In naming storms other than hurricanes, The Weather Channel may have created an irresistible juggernaut, much like one of those giant Nor'easters to which the TV channel has been attaching monikers for several months now.
Even General Motors' OnStar service joined some large media outlets like The New York Post (right) in using the name "Nemo" for Friday's storm, reminding customers that its advisors were poised to assist subscribers who ran into weather-related emergencies during "Winter Storm Nemo." New York City Mayor Michael Bloomberg started calling the storm "Nemo," too.
Such lurches down slippery slopes have added to the apparent critical mass behind The Weather Channel's efforts to institutionalize the Greek and Roman names that it selected for a handful of giant storms over the last several months. Channel executives assert that having a storm handle available makes it much easier for weather authorities and the general public to glean the best information and take appropriate cautions before and during a storm.
For decades, the National Weather Service has named hurricanes and other well-defined, potentially deadly storms — like Isaac and Sandy — in a commercial-free vacuum where no one could profit from the sort of brand presence that arises around spectacular weather events. (NWS officials did not adopt Nemo even as many on hashtag-happy Twitter picked it up. In resisting the overall move by The Weather Channel, NWS officials cite the fact that impact of many winter storms can vary from one location to another, making it difficult to define where one ends and another begins, according to BusinessWeek.)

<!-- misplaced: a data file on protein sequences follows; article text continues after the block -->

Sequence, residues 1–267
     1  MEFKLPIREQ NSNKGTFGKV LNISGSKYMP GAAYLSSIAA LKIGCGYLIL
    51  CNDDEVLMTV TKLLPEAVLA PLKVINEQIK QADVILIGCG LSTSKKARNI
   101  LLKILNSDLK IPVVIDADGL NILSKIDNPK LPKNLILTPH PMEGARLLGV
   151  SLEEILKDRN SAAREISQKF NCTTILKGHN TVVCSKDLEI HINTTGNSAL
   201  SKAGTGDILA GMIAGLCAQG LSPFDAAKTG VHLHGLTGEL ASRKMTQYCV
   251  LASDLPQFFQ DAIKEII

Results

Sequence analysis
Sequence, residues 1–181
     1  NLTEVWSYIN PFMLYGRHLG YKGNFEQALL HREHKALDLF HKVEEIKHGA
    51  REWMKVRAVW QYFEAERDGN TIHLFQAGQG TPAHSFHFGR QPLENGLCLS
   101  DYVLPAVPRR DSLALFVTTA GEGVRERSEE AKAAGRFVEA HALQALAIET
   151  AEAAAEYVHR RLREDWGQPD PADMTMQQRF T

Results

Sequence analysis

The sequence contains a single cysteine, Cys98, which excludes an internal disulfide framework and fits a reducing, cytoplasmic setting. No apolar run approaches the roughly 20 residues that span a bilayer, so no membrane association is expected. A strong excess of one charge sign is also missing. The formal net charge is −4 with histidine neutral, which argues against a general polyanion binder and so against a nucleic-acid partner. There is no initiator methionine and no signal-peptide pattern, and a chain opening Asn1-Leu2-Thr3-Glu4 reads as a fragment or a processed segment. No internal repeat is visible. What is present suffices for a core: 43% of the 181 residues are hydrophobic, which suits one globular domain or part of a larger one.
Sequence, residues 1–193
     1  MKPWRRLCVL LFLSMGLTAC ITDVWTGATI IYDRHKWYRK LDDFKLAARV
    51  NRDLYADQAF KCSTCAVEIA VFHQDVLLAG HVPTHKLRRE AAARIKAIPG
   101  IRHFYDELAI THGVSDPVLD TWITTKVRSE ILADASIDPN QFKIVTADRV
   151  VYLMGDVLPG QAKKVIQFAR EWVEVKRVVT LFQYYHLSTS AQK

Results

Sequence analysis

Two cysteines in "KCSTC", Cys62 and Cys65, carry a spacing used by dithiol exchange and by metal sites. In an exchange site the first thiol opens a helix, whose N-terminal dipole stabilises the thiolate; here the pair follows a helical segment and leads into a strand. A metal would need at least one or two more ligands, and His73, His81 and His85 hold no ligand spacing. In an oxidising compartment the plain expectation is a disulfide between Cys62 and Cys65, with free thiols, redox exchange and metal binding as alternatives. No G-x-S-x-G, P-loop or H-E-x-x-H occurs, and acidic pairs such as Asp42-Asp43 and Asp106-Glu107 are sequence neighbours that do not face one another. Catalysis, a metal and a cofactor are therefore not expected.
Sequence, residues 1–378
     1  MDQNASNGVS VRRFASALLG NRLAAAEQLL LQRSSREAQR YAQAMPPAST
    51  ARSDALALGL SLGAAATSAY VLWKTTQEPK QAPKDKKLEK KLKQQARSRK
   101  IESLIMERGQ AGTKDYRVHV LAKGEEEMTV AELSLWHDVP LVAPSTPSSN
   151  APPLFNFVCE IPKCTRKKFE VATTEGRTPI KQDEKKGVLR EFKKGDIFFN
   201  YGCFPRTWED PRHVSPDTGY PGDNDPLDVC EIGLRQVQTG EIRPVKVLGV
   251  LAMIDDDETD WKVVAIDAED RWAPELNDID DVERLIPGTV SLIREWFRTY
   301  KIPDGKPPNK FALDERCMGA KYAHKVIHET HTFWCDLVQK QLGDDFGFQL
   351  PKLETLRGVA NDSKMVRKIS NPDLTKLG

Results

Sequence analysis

Naming storms might benefit the Weather Channel's brand if its winter-storm naming system catches on, but AccuWeather, one of the network's biggest competitors, is quick to denounce the system as dangerous folly.
"This is not good science and will mislead the public," an executive told the Los Angeles Times. "Winter storms are very different from hurricanes."
Some backlash against the move has surfaced as notable storms have hit the East Coast. A Facebook page imploring The Weather Channel to resist its naming tendency has formed, though it only had a few hundred likes by Monday afternoon.
Despite NWS officially discounting the name-that-storm idea for now, Weather Channel executives told Businessweek that they're making progress in getting officials there to consider adopting its naming scheme. "Their mind," said Bryan Norcross, a hurricane specalist with the channel, "is open."